Column Editor: Anthony (Tony) W. Ferguson (Library and Information Science Consultant and former Hong Kong University Librarian; now relocated to Sahuarita, Arizona) <email@example.com>
I am now writing you temporarily from the mountains of Wyoming instead of the hustle and bustle of Hong Kong or the dry heat of Arizona. If I ignore the Taco Bells and Wendy’s fast food outlets that I see when I go to town (Afton, Wyoming) and the fact that I am driving myself, I could imagine I was back in the mountains of western Xinjiang province in China. Both have horses, goats and sheep, green pastures and beautiful forests, but the food is better in China if you happen to favor lamb shish kabob, lamb ribs, lamb soup and minced lamb, garlic and ginger mixed with your stir-fried string beans and rice instead of roast beef, mashed potatoes, gravy, and chocolate cake.
I decided to write about reference work for two reasons: first, being in Wyoming caused me to think about my first job as a student reference desk assistant, an opportunity provided by the now retired University of Wyoming library director, Keith Cottam. Cottam, then the Social Sciences librarian at Brigham Young University believed in the value of hiring social science students to work at the reference desk. The second reason for thinking about reference work was the opportunity to read a recent OCLC report, Seeking Synchronicity: Revelations and Recommendations for Virtual Reference by Lynn Silipigni Connaway and Marie L. Radford. http://www.oclc.org/reports/synchronicity/default.htm
The OCLC Report makes a number of very interesting points (many more than the following but these are the ones which interest me the most):
1. When we talk about VRS, virtual reference service, in today’s highly personal Facebook environment, for VRS to be successful we should probably redefine it as a virtual relationship building service.
2. While it is true that the ability to do quick Web searches has largely taken the place of the ready reference services previously provided by reference librarians, the research done for the OCLC report demonstrates that such services are still needed and used.
3. The need for the reference interview lives on. If the VRS staff member doesn’t understand the question, she/he can’t provide a timely/correct answer.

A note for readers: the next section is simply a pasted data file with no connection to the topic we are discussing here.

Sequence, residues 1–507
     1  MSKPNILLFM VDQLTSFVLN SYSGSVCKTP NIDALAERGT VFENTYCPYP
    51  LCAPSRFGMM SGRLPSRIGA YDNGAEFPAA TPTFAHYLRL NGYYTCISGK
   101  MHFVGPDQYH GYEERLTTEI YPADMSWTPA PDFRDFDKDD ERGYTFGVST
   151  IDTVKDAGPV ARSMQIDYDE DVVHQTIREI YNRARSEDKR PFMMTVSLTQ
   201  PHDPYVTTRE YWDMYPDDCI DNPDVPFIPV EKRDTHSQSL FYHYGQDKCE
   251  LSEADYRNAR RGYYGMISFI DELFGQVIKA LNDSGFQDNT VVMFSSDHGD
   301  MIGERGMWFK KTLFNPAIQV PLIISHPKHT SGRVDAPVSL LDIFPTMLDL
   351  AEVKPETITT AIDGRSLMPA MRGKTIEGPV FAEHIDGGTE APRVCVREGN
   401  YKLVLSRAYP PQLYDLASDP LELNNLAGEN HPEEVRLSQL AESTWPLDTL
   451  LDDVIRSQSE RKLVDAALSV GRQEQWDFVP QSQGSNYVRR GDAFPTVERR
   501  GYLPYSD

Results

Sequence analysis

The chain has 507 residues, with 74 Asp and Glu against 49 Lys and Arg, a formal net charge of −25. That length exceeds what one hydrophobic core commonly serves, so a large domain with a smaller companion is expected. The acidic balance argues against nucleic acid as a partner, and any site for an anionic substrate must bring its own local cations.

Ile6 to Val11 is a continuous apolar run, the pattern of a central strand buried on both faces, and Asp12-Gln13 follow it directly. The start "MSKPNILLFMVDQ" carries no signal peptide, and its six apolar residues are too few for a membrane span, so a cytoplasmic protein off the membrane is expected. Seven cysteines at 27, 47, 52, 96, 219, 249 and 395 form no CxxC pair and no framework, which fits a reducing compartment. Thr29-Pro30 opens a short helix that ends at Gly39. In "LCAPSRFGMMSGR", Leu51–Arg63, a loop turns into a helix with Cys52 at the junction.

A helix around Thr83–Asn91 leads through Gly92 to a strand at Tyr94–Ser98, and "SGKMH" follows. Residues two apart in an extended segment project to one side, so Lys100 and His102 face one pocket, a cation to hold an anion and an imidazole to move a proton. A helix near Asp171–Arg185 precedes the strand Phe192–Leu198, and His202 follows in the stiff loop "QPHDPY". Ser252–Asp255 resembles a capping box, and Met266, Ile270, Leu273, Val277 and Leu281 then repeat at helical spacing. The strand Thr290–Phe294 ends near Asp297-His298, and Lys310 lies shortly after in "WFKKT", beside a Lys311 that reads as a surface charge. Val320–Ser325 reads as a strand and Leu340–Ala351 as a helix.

4. Different generations of users view VRS differently. Baby boomers can be put off by the technology and as a result generally are ignorant of VRS. Millenials, on the other hand, want the speed of the Internet and dislike the slowness than can accompany the VRS interview and service provision process.
5. For VRS, marketing matters a great deal. In the digital haystack, finding the VRS needle is difficult if not impossible, and unless it is actively promoted it will die through disuse.
Based upon my own experience, I think there is a great deal of truth to the points made in the report. While lacking virtual reference service experience, I have always been convinced that for real communication to happen between two people, both have to sense that what they are saying is of interest to the other person in the conversation. This is as true of the librarian and patron relationship as it is of all other human relationships. My first library boss Cottam understood this and so he had confidence that a research-oriented political science student at the desk could do as well or better than a MLS card-carrying vanilla librarian when working with similar students. Of course, the more I knew about political science and beyond, the faster the answers flowed, and so getting paid to skim reference books which could help my own research and that of my fellow students was a double pleasure. Subsequently, when I worked and supervised subject specialist librarians at three other universities, the value of this truth, hire smart librarians who were actually interested in the information needs of the patrons they served, cannot be underestimated.